Projection: $6 million deficit looms if town's revenue does not increase
A five-year projection of town finances filed with the Town Clerk's office shows that, based on predictions for revenue and spending, the Town of Wareham faces a more than $6 million deficit over the next five years.
Though only a prediction, the document, submitted by Town Administrator Mark Andrews' office, puts numbers on what town and elected officials have been struggling with in budget discussions: the lack of revenue to cover increasing fixed costs such as healthcare and the lack of funding for much-needed "capital" items, such as school buses and building repairs.
The projection, which uses modest increases in state funding in revenue predictions and conservative predictions of healthcare costs, paints a grim picture: expenses are increasing faster than revenue, and without economic growth or a Proposition 2 1/2 override, tax revenues won't keep Wareham above water.
An approximately $400,000 deficit is predicted in fiscal year 2014, which increases to about $1.2 million in 2015, nearly $2 million in 2016, and roughly $2.9 million in 2017 -- and that's without the town taking on any new debt, according to the document.
But the town's Capital Planning Committee, which plans for purchases of "big ticket" items such as vehicles and building repairs, has a five-year list of needed expenditures totaling more than $76 million. Of that, $4.8 million -- from school buses to police radios to a new ambulance -- is on the list for next year, fiscal year 2013.
Andrews ultimately decides what will go before voters in the form of an article at Town Meeting. That said, the five-year projection lists the following capital items for next year: the payment on the current lease of police cruisers and the acquisition of three new cruisers at a cost of $50,000.
Andrews has said in public meetings that he plans to use the town's revenue from the increased meals and hotel tax -- approved by Town Meeting in October -- to fund the capital items for next year. That, however, is only expected to bring in around $380,000.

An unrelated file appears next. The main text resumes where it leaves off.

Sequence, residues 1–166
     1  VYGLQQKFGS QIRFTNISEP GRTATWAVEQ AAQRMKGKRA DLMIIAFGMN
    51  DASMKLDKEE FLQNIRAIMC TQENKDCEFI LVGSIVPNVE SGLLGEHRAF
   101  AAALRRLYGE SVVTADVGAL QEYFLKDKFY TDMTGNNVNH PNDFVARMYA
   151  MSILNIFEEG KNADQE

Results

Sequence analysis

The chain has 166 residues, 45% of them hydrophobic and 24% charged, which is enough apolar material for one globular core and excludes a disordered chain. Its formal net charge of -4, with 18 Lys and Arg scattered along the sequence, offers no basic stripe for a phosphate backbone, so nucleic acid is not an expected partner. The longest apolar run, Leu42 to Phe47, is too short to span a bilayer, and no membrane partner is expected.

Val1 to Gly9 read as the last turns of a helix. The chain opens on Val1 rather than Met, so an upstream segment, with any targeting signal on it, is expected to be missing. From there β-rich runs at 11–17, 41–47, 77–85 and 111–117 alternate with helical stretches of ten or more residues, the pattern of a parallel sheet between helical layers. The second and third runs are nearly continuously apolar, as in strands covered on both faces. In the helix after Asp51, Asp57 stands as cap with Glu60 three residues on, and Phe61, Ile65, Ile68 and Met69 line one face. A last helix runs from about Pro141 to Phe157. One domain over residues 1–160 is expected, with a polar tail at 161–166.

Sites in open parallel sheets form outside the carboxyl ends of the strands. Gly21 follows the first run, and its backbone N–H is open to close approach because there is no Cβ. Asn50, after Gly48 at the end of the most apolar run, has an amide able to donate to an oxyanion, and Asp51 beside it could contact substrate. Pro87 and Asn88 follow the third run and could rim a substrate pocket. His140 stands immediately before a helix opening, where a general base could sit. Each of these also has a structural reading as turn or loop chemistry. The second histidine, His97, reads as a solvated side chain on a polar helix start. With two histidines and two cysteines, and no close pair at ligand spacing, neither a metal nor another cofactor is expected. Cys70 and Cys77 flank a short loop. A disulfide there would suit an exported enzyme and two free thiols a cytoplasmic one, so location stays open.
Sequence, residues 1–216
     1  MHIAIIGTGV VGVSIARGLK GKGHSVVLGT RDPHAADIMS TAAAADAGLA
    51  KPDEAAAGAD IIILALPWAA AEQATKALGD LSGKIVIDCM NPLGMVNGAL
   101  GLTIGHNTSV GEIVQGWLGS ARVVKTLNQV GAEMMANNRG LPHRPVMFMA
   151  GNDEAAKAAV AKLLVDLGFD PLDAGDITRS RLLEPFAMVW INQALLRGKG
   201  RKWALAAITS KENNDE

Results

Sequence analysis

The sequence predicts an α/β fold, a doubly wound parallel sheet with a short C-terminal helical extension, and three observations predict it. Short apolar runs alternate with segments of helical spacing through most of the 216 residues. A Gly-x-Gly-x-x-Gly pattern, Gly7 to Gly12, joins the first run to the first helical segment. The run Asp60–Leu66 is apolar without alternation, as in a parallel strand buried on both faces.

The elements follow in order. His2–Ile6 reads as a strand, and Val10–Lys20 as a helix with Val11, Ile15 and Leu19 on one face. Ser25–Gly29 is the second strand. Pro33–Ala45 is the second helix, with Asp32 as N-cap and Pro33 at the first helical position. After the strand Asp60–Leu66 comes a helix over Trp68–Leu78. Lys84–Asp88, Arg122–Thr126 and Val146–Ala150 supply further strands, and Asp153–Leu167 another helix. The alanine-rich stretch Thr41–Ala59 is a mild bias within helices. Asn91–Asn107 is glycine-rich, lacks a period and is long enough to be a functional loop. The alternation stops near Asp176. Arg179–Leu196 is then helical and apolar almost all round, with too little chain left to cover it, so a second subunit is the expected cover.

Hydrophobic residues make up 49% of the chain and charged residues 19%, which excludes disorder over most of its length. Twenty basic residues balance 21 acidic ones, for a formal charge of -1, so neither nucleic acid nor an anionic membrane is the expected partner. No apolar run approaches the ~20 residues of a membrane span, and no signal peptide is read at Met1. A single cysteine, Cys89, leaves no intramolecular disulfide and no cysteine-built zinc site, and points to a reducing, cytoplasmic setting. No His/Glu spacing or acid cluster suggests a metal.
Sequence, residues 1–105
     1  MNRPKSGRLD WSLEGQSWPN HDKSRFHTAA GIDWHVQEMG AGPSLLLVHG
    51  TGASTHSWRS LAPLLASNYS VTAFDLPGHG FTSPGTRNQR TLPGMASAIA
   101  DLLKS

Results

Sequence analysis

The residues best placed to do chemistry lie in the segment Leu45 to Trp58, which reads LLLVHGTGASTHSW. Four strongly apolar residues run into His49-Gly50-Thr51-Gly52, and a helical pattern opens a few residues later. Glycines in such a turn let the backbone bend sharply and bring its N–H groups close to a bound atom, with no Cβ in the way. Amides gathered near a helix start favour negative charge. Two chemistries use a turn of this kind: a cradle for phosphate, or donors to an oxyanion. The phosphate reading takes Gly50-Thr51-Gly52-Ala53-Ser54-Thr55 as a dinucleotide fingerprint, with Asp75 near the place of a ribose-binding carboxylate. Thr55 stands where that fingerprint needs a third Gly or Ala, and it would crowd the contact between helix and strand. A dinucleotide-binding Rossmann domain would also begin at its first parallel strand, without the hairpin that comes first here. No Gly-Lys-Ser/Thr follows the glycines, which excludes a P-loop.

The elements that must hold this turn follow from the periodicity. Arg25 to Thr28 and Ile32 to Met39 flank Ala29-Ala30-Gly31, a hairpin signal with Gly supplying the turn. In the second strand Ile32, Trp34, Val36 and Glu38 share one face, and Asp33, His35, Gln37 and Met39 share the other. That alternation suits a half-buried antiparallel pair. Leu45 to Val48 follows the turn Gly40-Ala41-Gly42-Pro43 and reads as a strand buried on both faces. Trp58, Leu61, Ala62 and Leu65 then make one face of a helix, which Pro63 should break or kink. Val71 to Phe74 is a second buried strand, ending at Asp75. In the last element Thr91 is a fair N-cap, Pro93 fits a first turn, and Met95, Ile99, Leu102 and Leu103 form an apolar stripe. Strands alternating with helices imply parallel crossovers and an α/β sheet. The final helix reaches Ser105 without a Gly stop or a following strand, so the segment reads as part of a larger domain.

The projection also earmarks $200,000 for the town's "stabilization" fund, used for emergencies, and funds for collective bargaining agreements, and an estimated 6% increase in the town's payment for Upper Cape Cod Regional Technical School.
All would have to be approved by Town Meeting voters in April.
Talk of a Proposition 2 1/2 override in order to increase tax revenues and ease Wareham's financial burden has been discussed in recent months as a way the town could fund the purchase of school buses to replace vehicles in the School Department's aging fleet.
If voters agree to an override, property taxes could be raised above the 2 1/2 percent annual cap on tax increase. A debt exclusion would also raise property taxes, but only for a predetermined number of years and only to complete a specific project, such as a school bus purchase. (A debt exclusion was previously used to fund the construction of Wareham Middle School.)
Overrides and debt exclusions, however, have been generally unpopular in Wareham. Such a tax increase would have to be approved by Town Meeting and in a town-wide vote.
The administration, School Committee, Finance Committee, and Capital Planning Committee are continuing to discuss how to proceed via public meetings.
Andrews did not respond to a request for comment.